By: Danijela Babić, mountaineering coach


Ever since the news of the new virus outbreak in China first came out earlier this year and the return of athletes, coaches, and other sports professionals from China, the first hints of the biggest crisis in sports since World War II started to appear. At that time, no one could have anticipated that — only two months later — a global quarantine would be introduced, and sports would come to a nearly complete halt.

The first to take the hit was high-level soccer. Elite European club competitions are canceled, and now it is almost certain that EURO 2020 — scheduled to take place in June and July in as many as 12 European cities — will have to wait for a healthier time. On April 1, UEFA suspended all Champions League and Europa League matches “until further notice.” All national team matches scheduled for June have also been postponed. FIFA and the Asian Football Confederation have agreed to postpone the World Cup qualifiers in March and June. The new seasons in Chinese, Japanese, and South Korean professional leagues have been stood over.

According to LearnBonds’ estimates, all of this will cost European soccer EUR 4.1 BILLION. The grimmest consequences will be felt by England’s Premier League, which is set to lose more than 1.2 billion euros. The Spanish Primera Liga will lose around EUR 970 million, followed by the German Bundesliga with about EUR 800 million, the Italian Serie A with EUR 700 million, and the French Ligue 1 with EUR 400 million. Manchester City are on track to see a EUR 412 million drop in player values, with Barcelona right behind with a potential loss of EUR 366 million. Following suit are Liverpool, Real Madrid, and Paris Saint-Germain (EUR 353 million, EUR 350 million, EUR 302 million in losses, respectively).

Miloš Velebit, Director of the Academy of the Association of Football Federations of Azerbaijan and Main Coordinator of Azerbaijan’s junior national teams, concurs with these numbers, pointing out that the situation will definitely affect the downsizing of the already staggering multi-million contracts and budgets of professional players and teams. “This will result in narrowing the wide gap between the super wealthy Western European clubs and those coming from Eastern Europe. This scenario could have a positive effect. It was getting a bit boring to watch the same teams in the finals of European competitions. Evidently, professional teams will suffer some financial losses, but in a year or two they will recover everything they lost through revenues from broadcasting rights, viewers, sponsorships... However, the consequences in amateur teams could turn out to be much more drastic. In essence, even after corona, it will not matter who is playing and what is the result — in the end the soccer wins.... And as Liverpool's famous coach Bill Shankly would say, ‘Some people think football is a matter of life and death I assure you, it's much more serious than that,’” Velebit notes.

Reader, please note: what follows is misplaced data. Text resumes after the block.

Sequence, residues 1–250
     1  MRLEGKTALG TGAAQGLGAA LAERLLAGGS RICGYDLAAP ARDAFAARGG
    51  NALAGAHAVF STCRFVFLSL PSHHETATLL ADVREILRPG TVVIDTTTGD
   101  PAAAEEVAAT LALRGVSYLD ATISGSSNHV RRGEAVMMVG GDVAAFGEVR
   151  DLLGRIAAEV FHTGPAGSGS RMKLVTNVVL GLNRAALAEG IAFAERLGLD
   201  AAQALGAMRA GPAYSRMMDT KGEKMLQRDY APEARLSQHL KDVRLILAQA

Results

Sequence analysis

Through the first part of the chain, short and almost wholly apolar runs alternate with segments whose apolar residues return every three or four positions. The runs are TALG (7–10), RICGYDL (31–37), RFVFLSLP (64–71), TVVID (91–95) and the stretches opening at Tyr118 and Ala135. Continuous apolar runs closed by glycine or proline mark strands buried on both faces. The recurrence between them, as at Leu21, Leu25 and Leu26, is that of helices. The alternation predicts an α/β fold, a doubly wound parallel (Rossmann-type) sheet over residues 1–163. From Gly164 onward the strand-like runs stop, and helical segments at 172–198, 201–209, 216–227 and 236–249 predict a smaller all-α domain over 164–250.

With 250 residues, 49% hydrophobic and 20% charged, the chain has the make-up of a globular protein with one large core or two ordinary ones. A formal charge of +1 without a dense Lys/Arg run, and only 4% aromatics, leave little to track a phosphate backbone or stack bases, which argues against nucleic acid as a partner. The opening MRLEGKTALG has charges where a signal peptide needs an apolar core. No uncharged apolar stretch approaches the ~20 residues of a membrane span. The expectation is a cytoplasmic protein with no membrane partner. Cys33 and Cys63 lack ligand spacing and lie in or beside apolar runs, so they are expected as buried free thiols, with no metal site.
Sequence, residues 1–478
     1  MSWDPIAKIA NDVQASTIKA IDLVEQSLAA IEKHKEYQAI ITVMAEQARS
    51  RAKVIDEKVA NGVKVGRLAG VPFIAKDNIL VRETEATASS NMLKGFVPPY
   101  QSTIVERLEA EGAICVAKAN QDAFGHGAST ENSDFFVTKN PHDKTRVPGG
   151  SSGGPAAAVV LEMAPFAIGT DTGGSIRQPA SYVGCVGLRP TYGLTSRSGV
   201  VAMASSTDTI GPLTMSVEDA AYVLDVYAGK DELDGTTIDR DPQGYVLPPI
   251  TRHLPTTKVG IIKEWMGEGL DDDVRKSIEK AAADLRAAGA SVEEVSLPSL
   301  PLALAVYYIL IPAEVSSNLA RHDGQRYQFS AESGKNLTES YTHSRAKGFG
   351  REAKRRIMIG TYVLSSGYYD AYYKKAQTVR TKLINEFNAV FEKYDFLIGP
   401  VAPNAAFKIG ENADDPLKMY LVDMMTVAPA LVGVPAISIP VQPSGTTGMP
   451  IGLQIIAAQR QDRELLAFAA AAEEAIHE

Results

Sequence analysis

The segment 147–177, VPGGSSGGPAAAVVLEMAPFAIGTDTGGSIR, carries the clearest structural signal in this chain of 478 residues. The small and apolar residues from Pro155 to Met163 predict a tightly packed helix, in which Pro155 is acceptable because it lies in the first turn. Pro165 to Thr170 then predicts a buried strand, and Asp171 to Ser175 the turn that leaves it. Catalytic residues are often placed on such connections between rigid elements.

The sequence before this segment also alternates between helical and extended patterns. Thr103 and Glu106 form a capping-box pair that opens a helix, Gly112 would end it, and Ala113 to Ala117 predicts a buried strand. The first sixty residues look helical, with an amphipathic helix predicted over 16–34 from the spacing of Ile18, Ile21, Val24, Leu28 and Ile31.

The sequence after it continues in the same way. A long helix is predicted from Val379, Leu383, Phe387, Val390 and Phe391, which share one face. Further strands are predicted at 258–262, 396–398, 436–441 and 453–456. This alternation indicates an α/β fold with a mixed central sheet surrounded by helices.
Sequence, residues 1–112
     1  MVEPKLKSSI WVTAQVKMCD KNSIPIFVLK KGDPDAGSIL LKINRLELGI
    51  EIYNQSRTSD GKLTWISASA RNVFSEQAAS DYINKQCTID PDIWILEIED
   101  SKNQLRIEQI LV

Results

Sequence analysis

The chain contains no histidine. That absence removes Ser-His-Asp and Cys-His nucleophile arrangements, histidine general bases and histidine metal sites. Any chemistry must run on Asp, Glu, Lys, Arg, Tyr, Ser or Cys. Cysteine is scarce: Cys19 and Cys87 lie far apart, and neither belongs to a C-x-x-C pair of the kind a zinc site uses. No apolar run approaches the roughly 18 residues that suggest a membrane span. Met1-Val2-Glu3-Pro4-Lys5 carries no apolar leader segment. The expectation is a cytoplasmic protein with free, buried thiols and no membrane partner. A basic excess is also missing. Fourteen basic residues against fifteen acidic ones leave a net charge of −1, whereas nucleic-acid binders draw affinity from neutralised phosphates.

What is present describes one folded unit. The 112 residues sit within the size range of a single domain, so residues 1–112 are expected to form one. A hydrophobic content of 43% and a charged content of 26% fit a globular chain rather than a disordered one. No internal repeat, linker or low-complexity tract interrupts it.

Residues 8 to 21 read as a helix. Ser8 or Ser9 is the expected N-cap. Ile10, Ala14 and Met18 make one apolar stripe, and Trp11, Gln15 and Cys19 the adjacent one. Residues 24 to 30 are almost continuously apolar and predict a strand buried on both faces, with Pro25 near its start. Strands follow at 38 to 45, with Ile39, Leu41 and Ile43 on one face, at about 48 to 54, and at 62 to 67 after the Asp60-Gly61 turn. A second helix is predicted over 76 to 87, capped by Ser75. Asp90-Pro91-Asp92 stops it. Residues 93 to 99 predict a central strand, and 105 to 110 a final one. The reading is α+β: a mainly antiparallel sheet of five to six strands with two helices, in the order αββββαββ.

Almost simultaneously, the drama kicked off across the Atlantic in the most popular basketball league in the world — the NBA. After the Utah Jazz center Rudy Gobert tested positive for Covid-19, the NBA became the first professional league to cancel all competitions indefinitely. Soon after, the NCAA championships were also canceled. Losses are numbering in millions of dollars (some say around 916 million).